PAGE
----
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Asthma

Asthma affects millions of Americans. It is a condition causing your airways to narrow and swell producing extra mucus. This can make breathing difficult and trigger coughing, wheezing and shortness of breath. Asthma symptoms may vary from mild to severe.

Causes

Asthma has many causes that are different for each person.  Learning more about what triggers your asthma can help you reduce the chances of having an asthma attack.

  • Airborne substances, such as pollen, dust mites, mold spores, pet dander or particles of cockroach waste
  • Respiratory infections, such as the common cold
  • Physical activity (exercise-induced asthma)
  • Cold air
  • Air pollutants and irritants, such as smoke
  • Certain medications, including beta blockers, aspirin, ibuprofen (Advil, Motrin IB, others) and naproxen (Aleve)
  • Strong emotions and stress
  • Sulfites and preservatives added to some types of foods and beverages, including shrimp, dried fruit, processed potatoes, beer and wine
  • Gastroesophageal reflux disease (GERD), a condition in which stomach acids back up into your throat

Risks

  • Having a blood relative (such as a parent or sibling) with asthma
  • Having another allergic condition, such as atopic dermatitis or allergic rhinitis (hay fever)
  • Being overweight
  • Being a smoker
  • Exposure to secondhand smoke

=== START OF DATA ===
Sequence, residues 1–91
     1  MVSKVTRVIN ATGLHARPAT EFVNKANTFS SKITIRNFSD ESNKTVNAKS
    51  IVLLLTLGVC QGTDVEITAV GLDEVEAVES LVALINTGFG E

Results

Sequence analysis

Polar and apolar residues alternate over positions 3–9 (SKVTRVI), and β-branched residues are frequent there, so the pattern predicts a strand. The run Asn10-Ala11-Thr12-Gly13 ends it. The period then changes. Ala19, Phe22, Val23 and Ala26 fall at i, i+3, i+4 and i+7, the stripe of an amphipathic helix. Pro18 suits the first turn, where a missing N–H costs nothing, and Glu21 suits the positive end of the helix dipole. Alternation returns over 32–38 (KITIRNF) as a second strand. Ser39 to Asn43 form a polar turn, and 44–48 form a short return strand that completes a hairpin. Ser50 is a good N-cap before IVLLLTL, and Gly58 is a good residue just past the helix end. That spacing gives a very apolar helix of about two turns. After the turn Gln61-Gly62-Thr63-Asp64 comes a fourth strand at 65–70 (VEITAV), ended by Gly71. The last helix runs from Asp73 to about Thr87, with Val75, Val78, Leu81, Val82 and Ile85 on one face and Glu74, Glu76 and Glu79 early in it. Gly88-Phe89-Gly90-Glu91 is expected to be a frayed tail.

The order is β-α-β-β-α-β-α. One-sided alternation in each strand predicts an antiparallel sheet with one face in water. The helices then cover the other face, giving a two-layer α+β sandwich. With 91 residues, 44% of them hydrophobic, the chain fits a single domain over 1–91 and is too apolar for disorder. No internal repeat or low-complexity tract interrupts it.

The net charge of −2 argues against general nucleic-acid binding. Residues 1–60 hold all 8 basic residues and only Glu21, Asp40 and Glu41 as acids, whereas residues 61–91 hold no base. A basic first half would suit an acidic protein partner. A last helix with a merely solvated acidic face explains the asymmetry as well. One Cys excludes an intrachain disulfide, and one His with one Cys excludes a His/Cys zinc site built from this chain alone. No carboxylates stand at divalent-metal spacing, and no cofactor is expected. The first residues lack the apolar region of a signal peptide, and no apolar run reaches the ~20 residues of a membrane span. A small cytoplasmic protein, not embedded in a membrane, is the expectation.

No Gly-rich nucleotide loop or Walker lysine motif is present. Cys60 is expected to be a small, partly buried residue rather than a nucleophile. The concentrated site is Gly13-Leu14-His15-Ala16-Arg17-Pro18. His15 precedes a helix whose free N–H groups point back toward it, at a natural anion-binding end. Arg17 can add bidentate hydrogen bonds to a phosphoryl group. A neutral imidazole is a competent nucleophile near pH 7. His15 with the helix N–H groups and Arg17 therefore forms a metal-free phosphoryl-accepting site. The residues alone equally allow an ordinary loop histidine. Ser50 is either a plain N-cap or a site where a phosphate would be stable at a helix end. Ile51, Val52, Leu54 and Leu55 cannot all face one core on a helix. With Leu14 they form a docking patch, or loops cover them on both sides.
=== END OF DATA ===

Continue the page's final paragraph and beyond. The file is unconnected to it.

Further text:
• Exposure to exhaust fumes or other types of pollution
  • Exposure to occupational triggers, such as chemicals used in farming, hairdressing and manufacturing

Symptoms

  • Shortness of breath
  • Chest tightness or pain
  • Trouble sleeping caused by shortness of breath, coughing or wheezing
  • A whistling or wheezing sound when exhaling (wheezing is a common sign of asthma in children)
  • Coughing or wheezing attacks that are worsened by a respiratory virus, such as a cold or the flu

Diagnosis

The most important of being diagnosed is to talk openly with your doctor about your symptoms and triggers. Your doctor may do a physical exam, lab tests, chest x-ray, and possibly refer you for lung function test.

Treatment

Your doctor may prescribe oral medications and/or inhalers. He may also prescribe a nebulizer.

Management and Treatment

Managing Your Condition

  • Take your medication as prescribed.
  • Keeping an asthma diary can help you recognize asthma attacks and learn how to avoid triggers. This is especially important if you are newly diagnosed.
  • If you smoke, quit.
  • Maintain a healthy weight. Eat plenty of foods with vitamins C and E and omega-3 fatty acids.
  • Find an activity or exercise that you like.

Asthma Action Plan

Additional resources